Ah weeli: Oh, my woe!
Oftentimes, in the presence of Moroccans, especially - but not exclusively - in all-women gatherings, you will hear a phrase that, to the average English-speaker, sounds very much like, “Ah, weeli!”
The Arabic would be written as follows: أ ويلي (transliteration: ah weeli or the-easier-to-recall ah wheelie). Arabic speakers further east (from Egypt onwards) as far as I know pronounce this as ‘wail-i’. (See if you can spot it here.)
Literally translated it means, “Oh, my woe!” which doesn’t make much sense in modern English. For Darija speakers (the dialect largely employed by North Africans Arabs, i.e. Moroccans, Algerians and Tunisians) it can be interpreted as “Oh my word!” or “Oh my gosh!” and other such similar phrases. It is used in most situations to express worry, shock, grief or disapproval, depending on context.
This phrase can be repeated quickly for emphasis giving the slightly more amusing “Willy-willy-willy!”. It is commonly accompanied with hand gestures such as one hand slapping the top of the other, or pulling one cheek downwards with the index finger, coupled with a disbelieving look (this is a family favourite!).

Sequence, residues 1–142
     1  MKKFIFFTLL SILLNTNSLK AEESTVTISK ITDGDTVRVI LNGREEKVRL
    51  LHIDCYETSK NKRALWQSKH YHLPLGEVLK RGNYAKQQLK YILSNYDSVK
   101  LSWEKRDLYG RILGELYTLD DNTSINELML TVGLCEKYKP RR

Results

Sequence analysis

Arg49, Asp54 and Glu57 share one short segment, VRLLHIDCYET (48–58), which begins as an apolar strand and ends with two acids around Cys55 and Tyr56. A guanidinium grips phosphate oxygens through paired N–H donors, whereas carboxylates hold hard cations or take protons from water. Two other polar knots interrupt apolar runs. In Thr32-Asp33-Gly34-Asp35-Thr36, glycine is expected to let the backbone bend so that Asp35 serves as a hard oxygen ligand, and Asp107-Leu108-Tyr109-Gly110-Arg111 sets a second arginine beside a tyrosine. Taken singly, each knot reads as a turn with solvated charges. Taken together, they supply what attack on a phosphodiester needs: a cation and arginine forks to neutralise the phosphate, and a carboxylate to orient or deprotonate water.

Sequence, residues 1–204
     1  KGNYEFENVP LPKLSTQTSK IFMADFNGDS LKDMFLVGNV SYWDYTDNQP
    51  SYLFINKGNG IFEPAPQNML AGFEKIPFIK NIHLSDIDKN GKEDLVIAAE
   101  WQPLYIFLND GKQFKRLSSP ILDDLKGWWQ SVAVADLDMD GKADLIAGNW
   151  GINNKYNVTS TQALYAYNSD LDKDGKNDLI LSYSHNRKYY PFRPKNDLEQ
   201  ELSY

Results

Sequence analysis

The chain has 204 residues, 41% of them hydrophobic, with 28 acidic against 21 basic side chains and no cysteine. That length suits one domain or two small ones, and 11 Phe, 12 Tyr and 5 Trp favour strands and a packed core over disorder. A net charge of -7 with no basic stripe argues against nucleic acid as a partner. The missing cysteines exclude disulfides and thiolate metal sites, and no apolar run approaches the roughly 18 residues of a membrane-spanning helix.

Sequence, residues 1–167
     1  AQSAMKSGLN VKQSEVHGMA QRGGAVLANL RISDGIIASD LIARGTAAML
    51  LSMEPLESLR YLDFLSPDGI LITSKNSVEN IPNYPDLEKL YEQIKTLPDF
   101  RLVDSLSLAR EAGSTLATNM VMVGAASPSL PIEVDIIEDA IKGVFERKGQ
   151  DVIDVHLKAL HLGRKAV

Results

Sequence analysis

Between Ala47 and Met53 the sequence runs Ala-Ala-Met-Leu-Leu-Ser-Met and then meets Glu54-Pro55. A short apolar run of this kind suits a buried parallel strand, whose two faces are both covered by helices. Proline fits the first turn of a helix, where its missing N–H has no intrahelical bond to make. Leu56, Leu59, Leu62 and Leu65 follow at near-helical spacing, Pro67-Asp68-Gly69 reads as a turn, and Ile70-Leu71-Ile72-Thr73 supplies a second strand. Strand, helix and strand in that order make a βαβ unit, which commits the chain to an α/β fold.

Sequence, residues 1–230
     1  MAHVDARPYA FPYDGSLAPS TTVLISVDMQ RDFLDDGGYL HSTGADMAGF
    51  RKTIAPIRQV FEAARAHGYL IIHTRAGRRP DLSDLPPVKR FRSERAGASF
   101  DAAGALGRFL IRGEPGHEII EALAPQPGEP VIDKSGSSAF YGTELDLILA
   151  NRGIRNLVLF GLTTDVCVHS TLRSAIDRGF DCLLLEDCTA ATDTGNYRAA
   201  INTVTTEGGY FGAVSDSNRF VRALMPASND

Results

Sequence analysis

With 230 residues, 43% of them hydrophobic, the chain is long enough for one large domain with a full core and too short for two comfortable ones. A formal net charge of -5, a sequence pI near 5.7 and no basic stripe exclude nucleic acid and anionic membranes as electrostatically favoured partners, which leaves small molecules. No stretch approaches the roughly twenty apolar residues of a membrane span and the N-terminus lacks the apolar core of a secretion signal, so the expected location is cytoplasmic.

Examples of using “ah weeli”
Mum: “Bsh7al shreetiha?" [How much did you buy it for?]
Mum: “Ah WEELI! Ts3een ponda?!" [What?!/Oh my word! Ninety pounds?!]
Let us use another example.
Aunt: “Ma sm3teesh ashno gal liha? Howa gal ma bqitish 3ajibteeni." [Didn’t you hear what he told her? He said I don’t fancy you anymore.]
Cousin: “Weeli.” [Oh my gosh.]
Here are a few more.
Spilling cherryade on the new cream carpet: “Willywillywilly!" [Ohmygoshohmygoshohmygosh!]
Your parents finding you still on Tumblr after they’ve told you to do the dishes four times: “Ah WEELI, staghfirullah!" [Oh my GOSH, God give me strength! lit. Oh, my woe! God forgive me!]
The above example means you should get up off your backside double-quick-time because the parent is probably asking God to forgive them for what they’re about to do to you.
Darija (the North African dialect of Arabic, mostly incomprehensible to other Arabs) is a very colourful language, with an accent that sounds like you’re cussing somebody out even if you are complimenting them. It is a mish-mash of Arabic, French, Spanish and Tamazight.
Next time you’re with a Moroccan/Algerian friend who drops an unbelievable fact, surprise them with your newly acquired nugget of knowledge. You may gain begrudging respect or just a laugh in the face but just remember, “willywillywilly” isn’t what you thought it meant.